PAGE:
U.S. West Texas Intermediate crude oil futures are set for a weekly decline due to mounting worries about the impact on fuel demand of a widespread resurgence in coronavirus infections, as well as some concern about the likely return of exports from Libya. The U.S. benchmark is also heading for a monthly loss.
U.S. fuel demand remains under pressure as the pandemic constrains travel. The four-week average of gasoline demand last week was 9% below a year earlier, government data showed on Wednesday. Demand is likely to weaken over the near-term because the increasing coronavirus numbers are slowing the economic recovery.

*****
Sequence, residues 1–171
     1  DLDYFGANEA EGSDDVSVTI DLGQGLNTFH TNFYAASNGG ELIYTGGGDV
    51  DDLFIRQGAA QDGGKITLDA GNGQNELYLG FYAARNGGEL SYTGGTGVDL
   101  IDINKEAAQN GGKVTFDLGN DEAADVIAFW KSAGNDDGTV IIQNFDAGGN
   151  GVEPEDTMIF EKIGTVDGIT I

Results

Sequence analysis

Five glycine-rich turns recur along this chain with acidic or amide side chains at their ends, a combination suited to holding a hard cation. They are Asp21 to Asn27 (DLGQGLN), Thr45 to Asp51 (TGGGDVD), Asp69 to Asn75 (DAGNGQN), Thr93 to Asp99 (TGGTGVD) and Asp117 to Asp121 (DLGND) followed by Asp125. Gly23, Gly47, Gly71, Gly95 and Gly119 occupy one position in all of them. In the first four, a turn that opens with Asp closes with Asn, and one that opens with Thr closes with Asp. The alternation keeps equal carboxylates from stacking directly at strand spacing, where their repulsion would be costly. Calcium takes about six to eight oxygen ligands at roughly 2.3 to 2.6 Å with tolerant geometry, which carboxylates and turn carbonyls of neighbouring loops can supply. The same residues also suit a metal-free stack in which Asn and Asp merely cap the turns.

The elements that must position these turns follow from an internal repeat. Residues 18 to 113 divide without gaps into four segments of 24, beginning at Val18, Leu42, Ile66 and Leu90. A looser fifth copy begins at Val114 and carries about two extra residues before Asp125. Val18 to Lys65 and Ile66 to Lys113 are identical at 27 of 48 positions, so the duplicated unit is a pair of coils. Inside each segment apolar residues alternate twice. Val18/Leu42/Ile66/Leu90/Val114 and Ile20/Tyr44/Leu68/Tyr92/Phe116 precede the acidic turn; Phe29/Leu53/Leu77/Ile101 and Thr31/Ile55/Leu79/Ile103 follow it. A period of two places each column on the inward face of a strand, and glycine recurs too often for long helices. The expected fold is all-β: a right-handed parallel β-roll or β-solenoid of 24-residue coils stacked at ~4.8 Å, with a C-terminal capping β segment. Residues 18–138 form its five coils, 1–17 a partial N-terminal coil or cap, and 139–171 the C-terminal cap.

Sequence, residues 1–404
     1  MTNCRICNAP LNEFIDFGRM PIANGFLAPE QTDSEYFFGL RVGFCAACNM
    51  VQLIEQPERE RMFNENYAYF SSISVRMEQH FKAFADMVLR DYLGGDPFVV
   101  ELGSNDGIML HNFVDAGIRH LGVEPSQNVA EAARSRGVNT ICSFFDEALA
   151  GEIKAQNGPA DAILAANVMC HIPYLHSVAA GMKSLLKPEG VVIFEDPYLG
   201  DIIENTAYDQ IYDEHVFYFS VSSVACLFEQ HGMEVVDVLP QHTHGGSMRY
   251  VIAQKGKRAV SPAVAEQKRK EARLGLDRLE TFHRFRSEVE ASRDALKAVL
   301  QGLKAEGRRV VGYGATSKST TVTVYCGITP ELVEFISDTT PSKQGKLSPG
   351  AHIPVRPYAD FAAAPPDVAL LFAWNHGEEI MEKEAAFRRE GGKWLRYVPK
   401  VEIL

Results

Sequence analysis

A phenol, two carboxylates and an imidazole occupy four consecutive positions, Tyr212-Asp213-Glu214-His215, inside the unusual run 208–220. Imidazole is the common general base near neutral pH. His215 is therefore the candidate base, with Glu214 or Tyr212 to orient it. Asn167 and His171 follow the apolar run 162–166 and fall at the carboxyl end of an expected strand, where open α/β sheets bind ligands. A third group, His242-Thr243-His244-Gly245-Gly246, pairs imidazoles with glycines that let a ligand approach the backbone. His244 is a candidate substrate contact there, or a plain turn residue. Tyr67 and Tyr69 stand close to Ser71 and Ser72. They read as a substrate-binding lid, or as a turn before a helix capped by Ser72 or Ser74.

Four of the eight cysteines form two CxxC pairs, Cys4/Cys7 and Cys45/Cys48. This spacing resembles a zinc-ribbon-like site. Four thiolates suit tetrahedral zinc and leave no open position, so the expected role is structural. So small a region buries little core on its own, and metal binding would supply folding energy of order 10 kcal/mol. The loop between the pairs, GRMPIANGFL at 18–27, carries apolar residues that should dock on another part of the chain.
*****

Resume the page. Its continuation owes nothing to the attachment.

In the United States, which has the highest death toll from the coronavirus pandemic and is the world’s biggest oil consumer, unemployment claims unexpectedly rose last week suggesting an economic recovery is sputtering and pushing down fuel demand.
Globally, in other parts of the world, the situation is getting even worse. Daily increases of coronavirus infections are hitting records and new restrictions are being put in place that will likely limit travel and fuel demand.
While most traders are monitoring the situations in Europe and Asia, there are bearish developments in India too. According to reports, throughput by crude oil refiners in August fell 26.4% from a year ago, the most in four months, as fuel demand ebbed because surging coronavirus cases hindered industrial and transport activity.